Our goal in construing statutes is to ascertain and carry out the legislative purpose of the statute by applying clear statutory language as written, and not to seek out or construct an interpretation that necessarily favors one party or the other. When a court must construe an equivocal criminal statute, or when the statute is open to more than one interpretation and the court is otherwise unable to determine which interpretation was intended by the Legislature, it may invoke a concept known as the "rule of lenity." See Kasischke, 991 So. 2d at 814. Instead of the court arbitrarily choosing one of the competing interpretations, the rule provides that a court should apply the interpretation that treats the defendant more leniently. See id. (quoting State v. Byars, 823 So. 2d 740, 742 (Fla. 2002) ("The rule requires that '[a]ny ambiguity or situations in which statutory language is susceptible to differing constructions must be resolved in favor of the person charged with an offense.'")). For a court construing a statute, the rule of lenity is not a means for determining—or defeating—legislative intent. It is not unlike the old baseball axiom that "the tie goes to the runner." Although there is no such rule in the baseball rulebook, this axiom is frequently used by umpires to resolve close disputes as to whether a runner has been thrown out at first base. See MAJOR LEAGUE BASEBALL, OFFICIAL BASEBALL RULES r. 5.09(a)(10), at 42 (Tom Lepperd ed., 2018) (stating that the defense must clearly put the runner out at first base by tagging him or the base before the runner touches the base).
Just like the axiom above, the rule of lenity is not so much a rule in the usual sense, but an aid for dealing with ambiguity in a criminal statute. See Kasischke, 991 So. 2d at 814. It is a means of last resort, a default device to be rarely deployed and applied to decide which interpretation prevails when traditional principles of statutory construction fail. See id. As indicated above, there is no need to apply the rule of lenity unless there is an unresolvable ambiguity in the statute in question. See id. Having reviewed section 921.0016(3)(r), we find that the phrase "has been convicted," as used in the statute, is ambiguous. Because the ambiguity cannot be resolved with other methods, we must resort to applying the rule. See id. The punitive nature of this sentencing statute renders it particularly amenable to the rule of lenity, see Gross v. State, 820 So. 2d 1043, 1045 (Fla. 4th DCA 2002), especially in light of the fact that no Florida appellate court has expressly ruled on the issue of whether section 921.0016(3)(r) allows for an additional offense to be used in considering an upward departure.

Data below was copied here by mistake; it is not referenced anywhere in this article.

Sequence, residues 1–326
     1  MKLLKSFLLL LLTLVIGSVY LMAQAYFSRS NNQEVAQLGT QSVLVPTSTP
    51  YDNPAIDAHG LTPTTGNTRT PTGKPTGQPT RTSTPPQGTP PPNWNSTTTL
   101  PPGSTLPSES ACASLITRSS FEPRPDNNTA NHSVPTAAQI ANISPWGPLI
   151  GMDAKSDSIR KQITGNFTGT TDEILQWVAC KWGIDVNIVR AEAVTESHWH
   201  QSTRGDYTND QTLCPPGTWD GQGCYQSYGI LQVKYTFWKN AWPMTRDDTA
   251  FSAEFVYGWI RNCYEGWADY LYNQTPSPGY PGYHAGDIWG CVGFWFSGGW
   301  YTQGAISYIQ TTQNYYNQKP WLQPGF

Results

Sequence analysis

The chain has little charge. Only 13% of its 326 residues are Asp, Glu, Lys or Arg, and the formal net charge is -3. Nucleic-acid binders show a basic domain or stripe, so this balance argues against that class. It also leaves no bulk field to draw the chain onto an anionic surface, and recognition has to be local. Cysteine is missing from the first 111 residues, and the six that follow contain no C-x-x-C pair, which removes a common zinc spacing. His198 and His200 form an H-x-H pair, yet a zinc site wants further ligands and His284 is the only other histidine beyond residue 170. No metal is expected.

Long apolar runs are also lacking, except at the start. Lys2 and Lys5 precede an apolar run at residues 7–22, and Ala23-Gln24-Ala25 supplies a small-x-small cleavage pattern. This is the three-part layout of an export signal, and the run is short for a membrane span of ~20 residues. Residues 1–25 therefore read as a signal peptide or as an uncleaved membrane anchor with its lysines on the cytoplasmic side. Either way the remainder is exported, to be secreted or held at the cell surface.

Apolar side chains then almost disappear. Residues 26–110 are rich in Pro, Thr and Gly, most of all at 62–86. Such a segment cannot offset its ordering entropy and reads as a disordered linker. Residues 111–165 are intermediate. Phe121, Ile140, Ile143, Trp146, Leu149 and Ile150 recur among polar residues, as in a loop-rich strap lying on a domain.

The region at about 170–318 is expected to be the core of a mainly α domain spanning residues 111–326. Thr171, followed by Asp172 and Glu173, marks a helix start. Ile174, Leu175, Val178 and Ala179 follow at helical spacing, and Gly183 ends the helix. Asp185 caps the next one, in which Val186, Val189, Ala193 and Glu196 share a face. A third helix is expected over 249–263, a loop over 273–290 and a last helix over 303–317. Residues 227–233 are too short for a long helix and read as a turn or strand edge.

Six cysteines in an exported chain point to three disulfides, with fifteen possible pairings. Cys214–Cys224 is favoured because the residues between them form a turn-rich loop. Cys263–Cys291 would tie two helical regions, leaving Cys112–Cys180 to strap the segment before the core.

Nonetheless, we are guided by how district courts have dealt with issues involving the application of section 921.0016(3)(r) in other cases. We found that those courts, including ours, have uniformly interpreted its language to apply to prior offenses of level eight or higher. See Poole v. State, 968 So. 2d 82, 83 (Fla. 5th DCA 2007) (stating that the statute "authoriz[ed] an upward departure where the primary offense scored at offense level seven or higher and the defendant had previously been convicted of one or more offenses that scored at an offense level eight or higher." (emphasis added)); Elmer v. State, 732 So. 2d 21, 22 (Fla. 1st DCA 1999) ("The trial judge also designated the sentences as departure sentences, pursuant to section 921.0016(3)(r), Florida Statutes (1995), in that robbery with a firearm is a level 9 offense, and one of Elmer's previous offenses was a level 8 or higher offense." (emphasis added)); Wilson v. State, 696 So. 2d 528, 529 (Fla. 4th DCA 1997) ("We agree with appellant that a juvenile adjudication cannot constitute a prior 'level 8 or higher' conviction under section 921.0016(3)(r)." (emphasis added)).
We agree with Key's contention that section 921.0016(3)(r)'s language refers to prior offenses. See Wilson, 696 So. 2d at 529; accord Poole, 968 So. 2d at 83; Elmer, 732 So. 2d at 22. Additional offenses are not included in section 921.0016(3)(r)'s definition of "has been convicted," and the trial court inappropriately exceeded the maximum guidelines when sentencing Key. See § 921.0016(2), Fla. Stat. (1995). We reverse Key's resentencing and remand for the trial court to resentence him without the using the aggravating circumstance found in section 921.0016(3)(r).
Reversed and remanded for resentencing. GROSS and DAMOORGIAN, JJ., concur.
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Not final until disposition of timely filed motion for rehearing.